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Annals of Hematology

, Volume 97, Issue 9, pp 1547–1554 | Cite as

The prognostic role of E2A-PBX1 expression detected by real-time quantitative reverse transcriptase polymerase chain reaction (RQ-PCR) in B cell acute lymphoblastic leukemia after allogeneic hematopoietic stem cell transplantation

  • Yan Hong
  • Xiaosu Zhao
  • Yazhen Qin
  • Songhai Zhou
  • Yingjun Chang
  • Yu Wang
  • Xiaohui Zhang
  • Lanping Xu
  • Xiaojun Huang
Original Article

Abstract

The E2A-PBX1 rearrangement is common in B cell acute lymphoblastic leukemia (B-ALL). However, whether this fusion gene can be used as a reliable marker for minimal residual disease (MRD) following allogeneic hematopoietic stem cell transplantation (allo-HSCT) remains unknown. In this study, clinical data were collected from 28 consecutive B-ALL patients who received allo-HSCT. Their MRD was evaluated by E2A-PBX1 and leukemia-associated immunophenotype (LAIP). The median follow-up was 374 days (55–2342 days). Of the enrolled patients, seven (25%) patients died of leukemia relapse. A total of nine (32.1%) patients experienced relapse at a median of 164 days (75–559 days) after transplantation. The median expression level in the first positive sample was 0.14% (0.0071–902.4%). The duration from E2A-PBX1-positive results to hematological relapse was 74 days (30–469 days). E2A-PBX1 expression generally became positive prior to flow cytometry. Patients with positive E2A-PBX1 gene expression pre-transplantation were more likely to have positive E2A-PBX1 expression after transplantation. Taken all together, E2A-PBX1 expression determined by real-time quantitative reverse transcriptase polymerase chain reaction (RQ-PCR) could be used to evaluate MRD status after allo-HSCT. Patients with positive E2A-PBX1 expression after transplant will have a poor prognosis.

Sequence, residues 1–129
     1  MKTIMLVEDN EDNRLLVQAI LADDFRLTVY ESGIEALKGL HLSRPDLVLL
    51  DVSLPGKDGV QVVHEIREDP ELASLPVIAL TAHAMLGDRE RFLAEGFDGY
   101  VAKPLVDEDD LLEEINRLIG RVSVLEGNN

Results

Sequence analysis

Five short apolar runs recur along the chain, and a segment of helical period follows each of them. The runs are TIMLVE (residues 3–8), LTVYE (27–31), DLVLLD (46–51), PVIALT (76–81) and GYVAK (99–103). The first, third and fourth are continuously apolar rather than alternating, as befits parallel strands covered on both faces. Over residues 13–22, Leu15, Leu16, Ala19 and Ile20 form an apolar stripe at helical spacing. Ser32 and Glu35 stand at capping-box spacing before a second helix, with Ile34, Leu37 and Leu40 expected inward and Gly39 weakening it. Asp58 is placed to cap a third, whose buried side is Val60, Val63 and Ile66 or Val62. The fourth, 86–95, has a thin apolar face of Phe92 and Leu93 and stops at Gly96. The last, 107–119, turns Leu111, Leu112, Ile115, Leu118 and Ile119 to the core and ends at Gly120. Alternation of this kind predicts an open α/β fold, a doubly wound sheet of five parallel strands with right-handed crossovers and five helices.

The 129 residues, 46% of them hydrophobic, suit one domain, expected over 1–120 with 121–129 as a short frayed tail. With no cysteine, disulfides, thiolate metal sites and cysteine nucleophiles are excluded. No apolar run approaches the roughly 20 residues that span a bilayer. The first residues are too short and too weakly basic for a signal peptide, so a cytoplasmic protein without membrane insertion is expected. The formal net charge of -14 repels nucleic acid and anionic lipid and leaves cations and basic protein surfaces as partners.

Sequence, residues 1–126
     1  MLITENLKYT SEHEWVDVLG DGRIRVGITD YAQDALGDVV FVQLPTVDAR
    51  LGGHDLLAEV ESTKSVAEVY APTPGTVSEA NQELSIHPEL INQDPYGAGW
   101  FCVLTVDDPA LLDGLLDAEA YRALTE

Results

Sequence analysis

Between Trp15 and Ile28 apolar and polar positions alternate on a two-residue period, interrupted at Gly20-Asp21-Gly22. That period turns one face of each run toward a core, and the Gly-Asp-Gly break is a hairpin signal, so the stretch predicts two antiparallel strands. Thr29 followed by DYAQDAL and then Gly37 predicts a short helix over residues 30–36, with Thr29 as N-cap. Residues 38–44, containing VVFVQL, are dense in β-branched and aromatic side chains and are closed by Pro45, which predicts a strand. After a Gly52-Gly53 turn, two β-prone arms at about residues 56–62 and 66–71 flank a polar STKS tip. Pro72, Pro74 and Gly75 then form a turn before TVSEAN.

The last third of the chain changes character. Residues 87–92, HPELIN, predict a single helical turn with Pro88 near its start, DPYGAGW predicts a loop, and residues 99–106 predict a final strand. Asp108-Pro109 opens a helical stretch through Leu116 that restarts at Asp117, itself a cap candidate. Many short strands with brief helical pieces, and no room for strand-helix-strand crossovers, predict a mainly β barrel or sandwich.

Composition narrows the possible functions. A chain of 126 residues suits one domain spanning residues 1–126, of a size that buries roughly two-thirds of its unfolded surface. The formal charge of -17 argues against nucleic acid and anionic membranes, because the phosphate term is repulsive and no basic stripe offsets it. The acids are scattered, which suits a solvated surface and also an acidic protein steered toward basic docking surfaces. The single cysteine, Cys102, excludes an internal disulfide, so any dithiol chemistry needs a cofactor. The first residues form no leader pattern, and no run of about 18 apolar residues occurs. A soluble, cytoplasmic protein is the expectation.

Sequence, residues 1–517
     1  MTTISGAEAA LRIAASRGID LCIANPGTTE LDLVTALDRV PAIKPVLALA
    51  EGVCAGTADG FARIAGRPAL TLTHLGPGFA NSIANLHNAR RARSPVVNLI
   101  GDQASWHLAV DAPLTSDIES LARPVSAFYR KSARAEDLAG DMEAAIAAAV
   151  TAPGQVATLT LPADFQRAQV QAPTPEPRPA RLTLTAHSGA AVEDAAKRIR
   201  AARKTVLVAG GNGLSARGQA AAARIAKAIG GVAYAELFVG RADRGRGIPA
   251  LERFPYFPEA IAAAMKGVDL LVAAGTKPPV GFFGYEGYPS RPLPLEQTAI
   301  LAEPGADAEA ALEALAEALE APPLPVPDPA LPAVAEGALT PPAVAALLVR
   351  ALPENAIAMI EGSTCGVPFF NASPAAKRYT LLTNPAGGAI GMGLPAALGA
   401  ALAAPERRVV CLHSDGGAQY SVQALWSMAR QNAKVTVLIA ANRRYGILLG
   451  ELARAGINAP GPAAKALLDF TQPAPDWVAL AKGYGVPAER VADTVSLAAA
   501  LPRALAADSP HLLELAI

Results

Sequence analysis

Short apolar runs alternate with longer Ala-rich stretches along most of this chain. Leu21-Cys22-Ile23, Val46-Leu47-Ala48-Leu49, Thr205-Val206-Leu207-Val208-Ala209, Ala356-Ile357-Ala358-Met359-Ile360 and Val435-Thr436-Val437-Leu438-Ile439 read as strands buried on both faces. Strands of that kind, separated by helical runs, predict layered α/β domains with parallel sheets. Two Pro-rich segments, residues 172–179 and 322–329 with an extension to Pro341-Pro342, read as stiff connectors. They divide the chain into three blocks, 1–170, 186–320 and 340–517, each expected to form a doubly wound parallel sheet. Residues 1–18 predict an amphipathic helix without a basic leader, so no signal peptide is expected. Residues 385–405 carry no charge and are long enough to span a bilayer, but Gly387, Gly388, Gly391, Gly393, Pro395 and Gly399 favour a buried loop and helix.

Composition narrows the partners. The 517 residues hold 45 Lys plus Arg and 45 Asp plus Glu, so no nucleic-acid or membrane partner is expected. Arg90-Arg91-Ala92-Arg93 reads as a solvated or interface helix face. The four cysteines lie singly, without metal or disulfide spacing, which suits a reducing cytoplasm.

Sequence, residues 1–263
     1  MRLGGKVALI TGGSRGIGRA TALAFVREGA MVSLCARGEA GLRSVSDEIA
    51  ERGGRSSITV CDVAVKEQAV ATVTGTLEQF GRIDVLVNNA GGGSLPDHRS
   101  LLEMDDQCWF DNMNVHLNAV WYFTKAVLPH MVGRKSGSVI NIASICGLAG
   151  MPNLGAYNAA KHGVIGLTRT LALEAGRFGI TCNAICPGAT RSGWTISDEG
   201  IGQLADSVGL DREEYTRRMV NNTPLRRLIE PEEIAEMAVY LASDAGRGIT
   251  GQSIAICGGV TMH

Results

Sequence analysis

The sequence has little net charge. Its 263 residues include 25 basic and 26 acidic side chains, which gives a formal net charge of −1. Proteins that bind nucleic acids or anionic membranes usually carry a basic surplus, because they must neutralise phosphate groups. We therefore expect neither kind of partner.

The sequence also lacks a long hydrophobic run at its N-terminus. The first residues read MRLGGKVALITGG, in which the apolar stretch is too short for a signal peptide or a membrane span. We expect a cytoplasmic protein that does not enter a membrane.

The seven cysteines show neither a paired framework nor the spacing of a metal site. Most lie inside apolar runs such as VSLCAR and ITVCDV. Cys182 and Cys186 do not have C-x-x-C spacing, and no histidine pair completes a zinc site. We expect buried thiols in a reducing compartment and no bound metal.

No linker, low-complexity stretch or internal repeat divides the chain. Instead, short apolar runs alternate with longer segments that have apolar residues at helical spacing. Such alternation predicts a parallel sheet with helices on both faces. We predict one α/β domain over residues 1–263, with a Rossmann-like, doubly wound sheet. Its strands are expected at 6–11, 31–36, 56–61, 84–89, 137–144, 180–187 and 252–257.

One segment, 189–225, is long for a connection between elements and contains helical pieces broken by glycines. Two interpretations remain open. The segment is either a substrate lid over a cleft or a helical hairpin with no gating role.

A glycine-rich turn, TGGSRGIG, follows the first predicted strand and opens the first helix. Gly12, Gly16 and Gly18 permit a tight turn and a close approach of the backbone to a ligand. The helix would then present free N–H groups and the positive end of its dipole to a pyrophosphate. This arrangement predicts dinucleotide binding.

Keywords

Hematopoietic stem cell transplantation E2A-PBX1 fusion gene Minimal residual disease Acute lymphoblastic leukemia 

Notes

Funding information

This work was supported by the National Natural Science Foundation of China (81670175), the Key Program of National Natural Science Foundation of China (81230013), the Foundation for Innovative Research Groups of the National Natural Science Foundation of China (81621001), the Scientific Research Foundation for Capital Medicine Development (2016-1-4082), and the Beijing Key Laboratory for Hematopoietic Stem Cell Transplantation.

Compliance with ethical standards

Conflict of interest

The authors declare that they have no competing interests.

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Copyright information

© Springer-Verlag GmbH Germany, part of Springer Nature 2018

Authors and Affiliations

  • Yan Hong
    • 1
  • Xiaosu Zhao
    • 1
    • 2
  • Yazhen Qin
    • 1
  • Songhai Zhou
    • 1
  • Yingjun Chang
    • 1
    • 2
  • Yu Wang
    • 1
    • 2
  • Xiaohui Zhang
    • 1
  • Lanping Xu
    • 1
  • Xiaojun Huang
    • 1
    • 2
  1. 1.Peking University People’s Hospital, Peking University Institute of HematologyBeijing Key Laboratory of Hematopoietic Stem Cell TransplantationBeijingChina
  2. 2.Collaborative Innovation Center of HematologyPeking UniversityBeijingChina

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